A Tribute to my Sister
A Knack for Choosing Clothes
I don’t remember when my sister started frequenting garage sales but I do recall that when I went along, it felt like we were going to the fair! She always said, “You never know what you’re going to find at one of these places.” And we didn’t. But we often left with a good “find.”
In mid-June, I returned home from whichever country I happened to be teaching in at any given year. When I unpacked and slid open the closet door, I knew I’d find a few bags of clothing stored there for me. I’d open the bag and pull out what she later referred to as “a cute top I couldn’t resist,” or a “pair of jeans in your size. Amy, look at the label!” She delighted in gifting me these articles of clothing. They were practical, inexpensive and often, brand new. I wore most of what she found for me. They fit me well and looked nice, not to mention most of them sported top brand names.
Every week from Thursday to Saturday during my six-week stay home, she had our mornings mapped out for us by neighborhood. With the newspaper in hand, she would pull into the driveway and beep her horn. She had circled, highlighted, and put stars next to the ones she felt sold the greatest loot. “Got your seat belt on?” she asked. At my nod, she backed out and we were on our way. She learned early on that her sense of direction was much better than mine, so she slowed down to find the address. She maneuvered her car into a spot the size of a handkerchief–or so it seemed to me–and we got out. She handed me a cloth bag or a back-pack, one she’d likely picked up cheaply or for nothing at another sale.
Carolyn could size up a sale at a glance. “These prices are too high,” she whispered. “Don’t pay more than…” Sometimes she pulled me aside, “That’s a steal! Grab it before anyone else gets it,” she advised. I picked up the good stuff and set the trinket aside. I trusted her judgment completely.
The neighborhood sales were her favorite. She moved quickly from one to another. Often I found her sorting through piles of clothing in boxes or heaped on sheets on the ground. I don’t know how she had the patience but she extracted one-of-a-kind pieces. Her daughters, me, Mom, or one of my brothers were recipients of her generosity. Later, she sorted through baby clothes and toddler sizes with the same efficiency. While she sought out clothing, the list eventually widened to hand-held toys and playhouses, tools for Dad and love stories for Mom.
Since I knew she had the clothing department covered, I lingered over decorated tin cans, Christmas ornaments and the books. At one neighborhood sale in a wealthy subdivision, Carolyn latched onto some classy silverware. She said we couldn’t pass it up; the price was… yes, another steal! She also purchased Tupperware, serving dishes, bed sheets and dishware–the latter two, she gifted to refugee families and others in need.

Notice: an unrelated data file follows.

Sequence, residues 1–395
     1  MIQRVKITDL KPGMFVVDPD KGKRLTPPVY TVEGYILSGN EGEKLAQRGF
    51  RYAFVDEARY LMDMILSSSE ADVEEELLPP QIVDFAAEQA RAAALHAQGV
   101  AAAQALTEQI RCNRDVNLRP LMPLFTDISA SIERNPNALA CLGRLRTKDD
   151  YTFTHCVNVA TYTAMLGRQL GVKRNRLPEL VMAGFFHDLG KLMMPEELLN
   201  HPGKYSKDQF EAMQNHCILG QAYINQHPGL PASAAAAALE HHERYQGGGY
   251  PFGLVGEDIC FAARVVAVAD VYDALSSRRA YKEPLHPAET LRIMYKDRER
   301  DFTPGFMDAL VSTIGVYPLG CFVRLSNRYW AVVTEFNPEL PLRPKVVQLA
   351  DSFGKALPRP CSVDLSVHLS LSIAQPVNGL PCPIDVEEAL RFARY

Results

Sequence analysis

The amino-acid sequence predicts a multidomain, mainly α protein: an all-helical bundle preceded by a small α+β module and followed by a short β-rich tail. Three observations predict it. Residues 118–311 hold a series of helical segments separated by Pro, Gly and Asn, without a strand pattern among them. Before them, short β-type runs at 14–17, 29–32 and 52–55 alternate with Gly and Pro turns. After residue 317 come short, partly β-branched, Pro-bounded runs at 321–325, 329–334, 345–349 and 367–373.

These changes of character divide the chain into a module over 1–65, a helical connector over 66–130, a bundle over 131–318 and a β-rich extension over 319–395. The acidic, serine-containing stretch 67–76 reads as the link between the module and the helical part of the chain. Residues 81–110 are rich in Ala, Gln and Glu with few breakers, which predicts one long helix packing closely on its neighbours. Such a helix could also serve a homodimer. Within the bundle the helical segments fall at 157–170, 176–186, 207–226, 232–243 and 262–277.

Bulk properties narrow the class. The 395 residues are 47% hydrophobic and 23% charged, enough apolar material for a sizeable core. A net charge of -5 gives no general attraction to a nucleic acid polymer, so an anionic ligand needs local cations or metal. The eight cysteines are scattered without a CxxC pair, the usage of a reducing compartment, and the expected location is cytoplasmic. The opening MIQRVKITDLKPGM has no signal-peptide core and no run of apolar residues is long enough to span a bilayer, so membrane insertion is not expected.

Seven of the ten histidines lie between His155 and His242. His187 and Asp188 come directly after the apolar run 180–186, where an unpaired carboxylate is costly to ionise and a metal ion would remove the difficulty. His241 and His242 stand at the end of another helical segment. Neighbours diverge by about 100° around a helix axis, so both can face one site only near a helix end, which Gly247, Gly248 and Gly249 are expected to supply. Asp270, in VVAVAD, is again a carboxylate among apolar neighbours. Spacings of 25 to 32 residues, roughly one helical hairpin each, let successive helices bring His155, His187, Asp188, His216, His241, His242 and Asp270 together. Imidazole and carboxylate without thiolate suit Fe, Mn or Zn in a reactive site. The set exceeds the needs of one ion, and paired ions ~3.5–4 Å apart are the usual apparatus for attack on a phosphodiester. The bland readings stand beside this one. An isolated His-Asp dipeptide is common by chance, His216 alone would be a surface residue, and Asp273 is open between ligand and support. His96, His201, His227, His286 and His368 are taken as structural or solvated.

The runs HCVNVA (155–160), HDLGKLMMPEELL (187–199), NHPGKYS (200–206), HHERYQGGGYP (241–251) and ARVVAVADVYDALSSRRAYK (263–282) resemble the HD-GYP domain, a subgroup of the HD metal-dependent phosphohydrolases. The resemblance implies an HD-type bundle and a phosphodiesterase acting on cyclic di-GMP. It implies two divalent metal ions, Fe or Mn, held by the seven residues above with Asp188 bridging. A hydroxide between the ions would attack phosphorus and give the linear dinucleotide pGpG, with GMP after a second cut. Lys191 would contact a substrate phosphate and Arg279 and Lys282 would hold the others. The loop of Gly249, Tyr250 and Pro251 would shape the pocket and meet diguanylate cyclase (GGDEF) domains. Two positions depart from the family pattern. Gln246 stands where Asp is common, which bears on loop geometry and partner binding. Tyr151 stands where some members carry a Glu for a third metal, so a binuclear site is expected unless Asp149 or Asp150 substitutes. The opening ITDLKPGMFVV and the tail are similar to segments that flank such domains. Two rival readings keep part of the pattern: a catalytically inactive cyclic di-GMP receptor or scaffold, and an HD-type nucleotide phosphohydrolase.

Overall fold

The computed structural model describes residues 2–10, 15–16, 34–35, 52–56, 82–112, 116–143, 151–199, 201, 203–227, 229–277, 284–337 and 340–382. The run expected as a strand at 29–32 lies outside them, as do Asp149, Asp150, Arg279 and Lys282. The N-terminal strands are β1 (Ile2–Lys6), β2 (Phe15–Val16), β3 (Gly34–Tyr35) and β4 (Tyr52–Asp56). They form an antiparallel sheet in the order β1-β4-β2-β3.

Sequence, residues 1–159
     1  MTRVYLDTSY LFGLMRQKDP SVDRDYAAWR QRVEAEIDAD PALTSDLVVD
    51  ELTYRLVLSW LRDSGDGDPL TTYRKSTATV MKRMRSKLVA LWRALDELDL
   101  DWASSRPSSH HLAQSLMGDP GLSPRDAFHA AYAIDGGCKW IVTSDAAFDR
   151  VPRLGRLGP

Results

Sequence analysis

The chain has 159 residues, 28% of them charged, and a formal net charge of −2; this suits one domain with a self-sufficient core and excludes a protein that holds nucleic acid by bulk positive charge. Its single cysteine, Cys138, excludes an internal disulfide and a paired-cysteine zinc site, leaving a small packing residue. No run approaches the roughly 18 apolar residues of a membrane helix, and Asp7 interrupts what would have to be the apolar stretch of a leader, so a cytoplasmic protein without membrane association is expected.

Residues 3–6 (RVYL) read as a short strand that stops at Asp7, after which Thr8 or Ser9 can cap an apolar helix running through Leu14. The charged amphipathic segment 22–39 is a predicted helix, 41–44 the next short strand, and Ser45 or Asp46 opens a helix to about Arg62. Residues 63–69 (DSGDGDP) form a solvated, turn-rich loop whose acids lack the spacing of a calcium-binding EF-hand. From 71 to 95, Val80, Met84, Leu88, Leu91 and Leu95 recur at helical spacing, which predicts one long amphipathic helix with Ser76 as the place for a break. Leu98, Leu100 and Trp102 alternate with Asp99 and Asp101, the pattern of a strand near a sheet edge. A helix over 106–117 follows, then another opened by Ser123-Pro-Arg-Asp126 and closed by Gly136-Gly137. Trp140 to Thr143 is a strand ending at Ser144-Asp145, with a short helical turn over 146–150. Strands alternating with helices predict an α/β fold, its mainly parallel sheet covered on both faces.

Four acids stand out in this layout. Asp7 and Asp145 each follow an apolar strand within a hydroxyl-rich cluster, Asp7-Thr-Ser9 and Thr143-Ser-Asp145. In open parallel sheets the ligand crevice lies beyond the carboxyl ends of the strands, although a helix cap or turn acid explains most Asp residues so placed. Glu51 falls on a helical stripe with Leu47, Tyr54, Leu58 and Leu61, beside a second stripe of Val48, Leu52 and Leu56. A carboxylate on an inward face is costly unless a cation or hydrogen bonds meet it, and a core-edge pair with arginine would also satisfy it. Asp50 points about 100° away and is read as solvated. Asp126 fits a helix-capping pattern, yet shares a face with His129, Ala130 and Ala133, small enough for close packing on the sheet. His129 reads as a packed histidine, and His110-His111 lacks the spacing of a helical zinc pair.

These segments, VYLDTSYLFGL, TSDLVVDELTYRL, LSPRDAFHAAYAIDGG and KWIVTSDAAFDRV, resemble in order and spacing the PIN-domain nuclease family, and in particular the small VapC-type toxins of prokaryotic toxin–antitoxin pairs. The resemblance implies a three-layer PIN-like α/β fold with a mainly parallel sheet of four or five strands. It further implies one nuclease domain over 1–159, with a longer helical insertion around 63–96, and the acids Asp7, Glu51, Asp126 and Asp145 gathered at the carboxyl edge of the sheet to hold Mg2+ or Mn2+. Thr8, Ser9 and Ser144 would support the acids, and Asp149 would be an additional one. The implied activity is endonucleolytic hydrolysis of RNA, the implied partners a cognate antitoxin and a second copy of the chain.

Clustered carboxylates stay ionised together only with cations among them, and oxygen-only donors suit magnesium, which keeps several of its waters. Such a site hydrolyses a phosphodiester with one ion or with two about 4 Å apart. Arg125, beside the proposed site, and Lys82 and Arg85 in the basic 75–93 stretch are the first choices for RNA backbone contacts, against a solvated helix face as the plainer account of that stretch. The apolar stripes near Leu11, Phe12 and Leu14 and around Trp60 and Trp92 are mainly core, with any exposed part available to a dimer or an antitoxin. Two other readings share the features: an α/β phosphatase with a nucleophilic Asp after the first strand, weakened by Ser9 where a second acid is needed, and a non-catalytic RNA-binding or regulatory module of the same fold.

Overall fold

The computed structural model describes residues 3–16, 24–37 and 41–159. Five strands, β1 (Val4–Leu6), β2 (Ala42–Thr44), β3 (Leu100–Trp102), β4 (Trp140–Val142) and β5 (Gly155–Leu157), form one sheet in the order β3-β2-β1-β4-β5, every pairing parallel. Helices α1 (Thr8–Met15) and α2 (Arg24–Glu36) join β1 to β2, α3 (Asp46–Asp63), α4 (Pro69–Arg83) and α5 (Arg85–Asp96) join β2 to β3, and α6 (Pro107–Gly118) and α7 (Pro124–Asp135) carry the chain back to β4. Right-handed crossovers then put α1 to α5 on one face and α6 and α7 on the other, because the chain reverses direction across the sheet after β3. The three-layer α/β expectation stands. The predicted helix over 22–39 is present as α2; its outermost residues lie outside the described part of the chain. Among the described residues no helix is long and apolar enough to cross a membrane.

My sister helped people often. She helped a missionary in Zimbabwe by finding school uniforms along with pens, pencils and notebooks. One summer when I came home, I told my sister that I would be traveling to a Kenyan village in December of that year. I planned to visit the school of a Kenyan child I sponsored through an organization called ChildFund, International. The primary school was in need of everything–but books in particular. So we scoured the sales for used books. Most of them cost a quarter each. But the way she explained, people listened and really cared. As a result, we often received the books for a dime each. Some people simply gave them to us. Like the clothing, the storybooks my sister found looked nice, were culturally appropriate and colorful.
My sister always went with a list and specific goals but she stayed open to the possibilities. It was fun to watch her in action.
If Carolyn felt the owner needed the money badly, she looked around until she found something she could buy, just to help them out. If she thought the owner was taking advantage, she would move on even if she liked something. As Carolyn looked over the wares, she struck up conversations with other shoppers–men and women alike–and those selling. Her enthusiasm and energy were indelible. In fact, her good-nature was infectious. I often heard laughter in her midst.
Along the lines of garage sales, my sister had her favorite discount stores. When I went to Gabe’s, I got a headache and felt overwhelmed.I had no idea where to start looking. But she knew exactly where to go and how to find me the perfect back-to-the-tropics teaching outfits. When I left for the Middle East, she found the proper attire for me there, too. Carolyn had the patience to find me the right sizes and so many choices. The shopping sprees ended up as “gifts” to me.
Last spring, she and her oldest daughter, Rachel, jumped in the car and took two granddaughters and another little girl to Gabe’s. It was a one-of-a-kind sale with prices reduced to more than half off. The look on the girls’ faces tells it all. My sister loves to bring joy to others, especially her granddaughters.
One day I asked her to look for some kind of clothing rack to hold clothes at my own garage sales, which took place in early August every year. The flimsy one I had kept toppling over. I don’t know if it was the very next day or a couple days luater but she found an incredible rack on wheels with hooks at the sides, a top and a bottom rack. She bought it off a family closing up for the day. Just like that. I was speechless. The perfect clothing rack!
She said with a grin, “You never know what you’re going to find at one of these places.”
How do you feel about garage “sailing” when you are shopping for something? Do you prefer retail outlets or thrift stores? What is the most interesting / best bargain that you’ve found? Looking forward to your responses!